Plants in the garden need a continuous supply of moisture to grow well when weather is hot and dry.
I’m Lisa Hilgenberg from the Chicago Botanic Garden with your summer watering tips.
Established trees, shrubs, perennials and vegetables, need 1 inch of water each week. Watching the weather and investing in a rain gauge will help determine whether Mother Nature has provided enough rain or if you’ll need to supply supplemental moisture to keep your plants growing vigorously.
Monitor soil moisture around trees and shrubs by digging several inches underneath the surface of the soil with a hand trowel to determine if the soil is sticky or crumbly and friable in need of water. Nutrient rich soils high in organic matter act as a sponge helping to retain moisture. Mulching underneath plants adds organic matter while helping limit evaporation and keeping roots and soil cool.
Water deeply and thoroughly, not daily. Frequent, shallow watering causes plants to produce shallow roots that cannot survive the heat and dry conditions of mid-summer months. Watering deeply and infrequently causes plant roots to grow deeply into the soil in search of the water, resulting in deeply rooted, more drought resistant plants.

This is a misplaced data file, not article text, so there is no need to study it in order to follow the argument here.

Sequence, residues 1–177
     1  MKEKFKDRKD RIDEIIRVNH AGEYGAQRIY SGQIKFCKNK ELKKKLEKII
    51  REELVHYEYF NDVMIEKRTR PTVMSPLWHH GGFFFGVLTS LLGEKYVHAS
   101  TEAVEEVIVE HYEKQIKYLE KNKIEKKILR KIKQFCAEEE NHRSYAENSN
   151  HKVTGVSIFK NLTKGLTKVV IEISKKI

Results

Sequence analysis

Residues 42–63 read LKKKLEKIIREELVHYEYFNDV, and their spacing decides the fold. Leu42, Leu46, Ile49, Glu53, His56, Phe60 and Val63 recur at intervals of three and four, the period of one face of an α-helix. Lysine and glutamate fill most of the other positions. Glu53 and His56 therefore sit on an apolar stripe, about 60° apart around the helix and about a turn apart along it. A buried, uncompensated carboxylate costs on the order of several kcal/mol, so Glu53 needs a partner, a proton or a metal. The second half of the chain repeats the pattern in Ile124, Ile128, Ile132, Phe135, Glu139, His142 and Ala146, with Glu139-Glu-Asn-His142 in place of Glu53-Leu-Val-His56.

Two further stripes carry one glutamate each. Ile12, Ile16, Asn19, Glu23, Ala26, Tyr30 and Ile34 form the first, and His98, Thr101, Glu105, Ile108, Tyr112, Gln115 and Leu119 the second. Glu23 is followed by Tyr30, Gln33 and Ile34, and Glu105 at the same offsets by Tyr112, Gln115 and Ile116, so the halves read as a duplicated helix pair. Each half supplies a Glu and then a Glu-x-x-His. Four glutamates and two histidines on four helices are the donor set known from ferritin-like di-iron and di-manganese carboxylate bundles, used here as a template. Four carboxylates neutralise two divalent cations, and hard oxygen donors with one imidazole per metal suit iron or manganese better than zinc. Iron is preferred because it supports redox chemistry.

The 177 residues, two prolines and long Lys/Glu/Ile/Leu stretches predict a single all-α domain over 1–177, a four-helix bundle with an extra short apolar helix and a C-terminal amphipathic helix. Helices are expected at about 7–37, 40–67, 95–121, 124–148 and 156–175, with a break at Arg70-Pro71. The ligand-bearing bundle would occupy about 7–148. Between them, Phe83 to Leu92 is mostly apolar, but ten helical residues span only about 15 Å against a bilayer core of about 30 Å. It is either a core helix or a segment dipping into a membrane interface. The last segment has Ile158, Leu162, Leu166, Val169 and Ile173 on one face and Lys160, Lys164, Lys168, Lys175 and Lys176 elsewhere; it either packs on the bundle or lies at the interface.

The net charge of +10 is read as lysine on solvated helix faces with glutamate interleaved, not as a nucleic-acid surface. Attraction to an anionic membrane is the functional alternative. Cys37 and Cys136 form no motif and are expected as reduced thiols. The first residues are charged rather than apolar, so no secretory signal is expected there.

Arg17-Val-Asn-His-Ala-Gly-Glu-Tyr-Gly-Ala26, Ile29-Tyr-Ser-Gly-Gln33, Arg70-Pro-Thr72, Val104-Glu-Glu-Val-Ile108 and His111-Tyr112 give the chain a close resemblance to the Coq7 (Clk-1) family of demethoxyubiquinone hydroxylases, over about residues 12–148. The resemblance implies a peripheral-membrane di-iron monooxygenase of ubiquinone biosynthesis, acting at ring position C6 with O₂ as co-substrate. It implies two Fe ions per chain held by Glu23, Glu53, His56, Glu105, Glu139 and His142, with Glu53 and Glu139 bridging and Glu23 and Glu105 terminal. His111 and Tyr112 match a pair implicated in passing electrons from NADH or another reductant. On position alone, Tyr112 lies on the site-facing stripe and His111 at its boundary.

Avoid overhead sprinklers that wet foliage especially when watering roses and vegetable gardens.
Irrigating early in the morning allows turf grass to dry out before nightfall avoiding disease problems.
Lisa Hilgenberg is the Regenstein Fruit & Vegetable Garden Horticulturist. She teaches classes for the Joseph Regenstein, Jr. School of the Chicago Botanic Garden and mentors interns from the Garden’s urban agriculture programs in the summer. Lisa draws on a rich family farming tradition, having spent many summers on her grandparents’ farms in Iowa and Minnesota. You can follow Lisa on Twitter @hilgenberg8.